The cruise industry gets a bad rap, and it’s sometimes not entirely undeserved. But in at least one corner of the world, real positive change seems to be under way.
“I’m not saying we are pioneers,” says Anne-Marie Spinosi, the cruise manager for the port of Bastia, Corsica, “but we want to do our part. It’s also to improve acceptance of the cruise industry in destinations, to make ships more welcome.”
She’s speaking about R-Itinera, an initiative she’s working on with colleagues from boutique ports (read: small ones that can’t take large vessels) in the south of France and west of Italy. Its aim is to reimagine and reposition cruising as a phenomenon that adds to communities rather than simply fill them up with low-value tourists.
It’s an initiative that makes sense now, as slow travel and getting off the beaten path remain popular, and as more than 27 new luxury cruise ships are expected to be delivered between now and 2027. This autumn, Four Seasons announced that it’s launching a luxury cruise line in the coming years, and Ritz-Carlton’s first superyacht is already in the water.
They’re hitting the sustainability and zero-carbon-emission notes hard, pointing out that they’ve developed a range of shore excursions that are heavy on hiking, riding electric bicycles, kayaking and practicing yoga. That’s excellent—those are all fun things to do, and better for the surrounding communities than street-clogging panoramic bus tours—but reminds me a bit of the café in my neighborhood that dutifully puts a paper straw in my iced-coffee-to-go, which is served in a plastic cup with a big domed plastic lid.
What’s more interesting to me is that they’re developing itineraries that touch on some of the most popular regions of the Mediterranean—Corsica, Tuscany, Sardinia and Provence—but manage to avoid the most popular, overcrowded ports. Rather, they arrive in hidden jewels like Porto Argentario, Oristano, La Maremma and Valensole, small cities where the arrival of a few dozen or hundred hungry visitors—only the smallest vessels can get in—can have a positive economic impact.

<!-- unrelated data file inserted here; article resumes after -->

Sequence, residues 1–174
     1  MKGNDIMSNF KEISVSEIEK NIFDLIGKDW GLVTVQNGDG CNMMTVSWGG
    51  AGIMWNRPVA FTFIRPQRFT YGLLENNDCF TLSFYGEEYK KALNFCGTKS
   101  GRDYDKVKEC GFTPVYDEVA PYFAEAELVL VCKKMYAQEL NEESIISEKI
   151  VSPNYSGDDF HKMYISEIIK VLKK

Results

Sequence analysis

And putting aside my cynicism about no-carbon additions to an inherently emissions-heavy endeavor, the immersive excursions they’re promoting look like a very good time, and a potential pathway toward meaningful encounters with local communities. (I mean, I realize that the most sustainable solution would be giving up café iced coffee altogether, but sometimes we all still like a treat, and baby steps are still better than no steps.)
As Spinosi says, “The important word is immersion—into local life, into nature or with local people.”
Her colleague Anne-Marie Blum from the Var Provence Cruise Club, which oversees ports including Le Lavandou and Saint-Tropez, highlights a new nature-and-gastronomy itinerary from the port of Fréjus, Saint-Raphaël. Guests travel by electric vehicle to the Verdon country, where they cross the Lac de Sainte-Croix on a wind-powered catamaran, visit a multi-sensory truffle museum in the village of , enjoy a cooking class and then head out with truffle-hunting dogs in search of the “black diamonds.”
Likewise, Spinosi explains a kayak excursion around Cap Corse, in Corsica, that starts from the beach in Erbalunga (a few miles from the port of Bastia) and meanders past that Genoese towers for which the coast is famous and ends up in the village of Miomo, where a light local meal is served.
Another Corsica excursion takes guests to an organic essential oil farm that has been run by the same family for 20 years, one in which a new generation is taking some interesting risks—tying in with another theme of these excursions. They want to introduce cruise passengers—whose average age is now, surprisingly, 47 years old, according to Spinosi—to people who are doing things different, who have created a new life for themselves after their traditional office life.
Although this is an initiative that was dreamed up by port managers, one of their ideas is to take it beyond the cruise sector, making the same itineraries to other kinds of tour groups, and local youth and seniors groups. And they’re hoping it will spread. Spinosi, who is also a board member of MedCruise, the association of ports around the Mediterranean, says the association is encouraging other members to create similar projects, and to share their knowledge with colleagues around the world.